How to cope with therapy at home … aka my therapy space is my living room.
How to cope with therapy at home.
My therapy space is my living room.
For the past six months I’ve been having weekly therapy – with more than a few two week breaks, in my living room. Why? Because it’s utterly impossible to get to my therapists’s office at the moment in time. It would require many ramps, crutches, a wheelchair equipped taxi, a helping hand, muscle power I don’t have, and the mental stability to do it all again after baring my soul for an hour and a half.
You could argue that phone consult must surely be better, or over Skype etc. and yes for some that’s a pretty decent option. However, we tried those, and the most important reason why they had to stop is that I’ve lost some of my hearing. The times we tried phone therapy, I wasn’t actually doing my therapy – just saying ‘what’ every other minute or so.
Having therapy in my living room, a space where I spend most of my days, is really tough. I don’t really leave the house unless it’s to go to the doctors, or occasionally make a break for freedom to the shops – a person has to keep their sweet stash full for those ‘bad days’. So, I’m left to run literally stew in my own metaphorical therapy juices. It took my quite some time to figure out how to cope with therapy at home. However, since I’ve been doing this for six months, and I’ve covered a number of topics, I had to come up with a way to cope with therapy at home, stewing in my own metaphorical therapy juices.
How to cope with therapy at home.
Make sure therapy happens every week at the same day, and time.
This is something that comes naturally to people in an office setting, however it’s even more important if you’re having therapy in your home. By making sure you have a routine within therapy, it easier to mentally set aside that part of your day for therapy. Again, if something people tend to do when they have therapy in an office, however by ensuring that you have a regular therapy appointment it helps to do my next point.
Develop a routine.
Whether it’s your cloths, your drinks, or even your hair, try to create a therapy ‘outfit’ or routine that you only do when it’s time for therapy. This will help to distance yourself from the therapy after it has happened.
For example I have type of clothes that are my ‘therapy’ clothes – somewhat comfy, mostly covered up, easy to move in, and I have a blanket that’s my ‘therapy blanket’ (good old temperature fluctuations).
Since I’m self-employed, I’m used to creating a divide between my home and my work life, its the same with therapy. It might sound silly, but changing out of the clothes, and putting the blankets away to me signify therapy is over. I can leave all that I covered with my blanket, and with those close until next week when I need to bring them out again.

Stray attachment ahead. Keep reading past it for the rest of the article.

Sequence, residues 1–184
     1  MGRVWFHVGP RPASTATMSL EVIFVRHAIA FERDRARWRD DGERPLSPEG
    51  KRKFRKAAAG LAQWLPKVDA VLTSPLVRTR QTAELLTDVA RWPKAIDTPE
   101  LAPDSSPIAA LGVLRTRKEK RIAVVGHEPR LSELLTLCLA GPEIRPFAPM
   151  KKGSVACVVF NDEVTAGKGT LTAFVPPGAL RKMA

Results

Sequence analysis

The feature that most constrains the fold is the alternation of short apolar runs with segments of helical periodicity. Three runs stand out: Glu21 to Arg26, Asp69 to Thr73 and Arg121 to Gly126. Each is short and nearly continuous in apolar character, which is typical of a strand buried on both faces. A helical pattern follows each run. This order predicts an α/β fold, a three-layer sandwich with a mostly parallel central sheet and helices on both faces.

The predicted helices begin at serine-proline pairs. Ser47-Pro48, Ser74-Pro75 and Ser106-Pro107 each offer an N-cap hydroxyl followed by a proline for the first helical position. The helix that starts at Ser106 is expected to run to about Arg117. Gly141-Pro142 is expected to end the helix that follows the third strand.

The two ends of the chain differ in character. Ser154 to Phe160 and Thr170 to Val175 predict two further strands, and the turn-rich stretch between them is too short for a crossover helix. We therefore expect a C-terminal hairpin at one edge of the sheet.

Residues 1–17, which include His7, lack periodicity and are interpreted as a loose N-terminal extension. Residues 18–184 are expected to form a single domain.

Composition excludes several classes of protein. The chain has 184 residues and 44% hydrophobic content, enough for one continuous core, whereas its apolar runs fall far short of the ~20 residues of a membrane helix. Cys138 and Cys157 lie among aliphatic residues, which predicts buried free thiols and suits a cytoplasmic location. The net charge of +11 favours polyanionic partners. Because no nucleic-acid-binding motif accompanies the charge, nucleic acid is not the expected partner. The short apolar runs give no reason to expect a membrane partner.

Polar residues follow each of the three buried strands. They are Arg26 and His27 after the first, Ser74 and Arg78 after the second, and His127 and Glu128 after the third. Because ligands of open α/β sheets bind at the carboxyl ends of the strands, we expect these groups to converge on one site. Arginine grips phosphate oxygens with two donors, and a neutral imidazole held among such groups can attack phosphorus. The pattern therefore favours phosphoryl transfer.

Now, it’s not a perfect system. Sometimes I wear those close in my day-to-day life, and sometimes the blankets get muddled up, that I tried to keep the same routine. That’s the important bit.
This is all interwoven with the idea of a routine, treat yourself after therapy. Whether that’s through self-care, chocolate, what about ice cream. Let yourself have that time to process, then try to carry on with your day. If you disrupt the rest of your routine, you’ll find it harder to deal with everything else you need to accomplish that day.
These points might sound like a load of bull, and that’s probably because this is what I’ve had to do to cope with therapy at home, and keep myself stable in my own living room. I have a lot of memories here, good and bad, and it has forced me to come up with a way to deal with them.
Work at a pace that suits you.
My therapist is very good at letting me lead the sessions. We don’t go into anything I don’t want to go into that day, because he knows I have to sit with afterwards. My situation is also, hopefully, temporary. I don’t envision myself six months down the line still doing therapy in my living room.
If you’re in a similar situation attempting to cope with therapy at home, don’t try to tackle things that you know will upset you, or cause you distress, especially if the reason why you’re having therapy your home is due to chronic illness (the body and the mind are fickle when it comes to stress). Of course, sometimes these things just come up, and have to be dealt with, so go at a pace that suits you. If you can hold off delving into them at home, it’s for the better. I’ve come to realise there a very good reason I felt better when I got home after therapy, it’s because I put it out there in his office, and I left it there. When at home, it’s harder to do that.
These are just some ramblings that might help you or they might not. But, if you’ve found they’ve helped in any way, please let me know. If there’s anything you do to help with doing therapy at home, drop me a comment down below.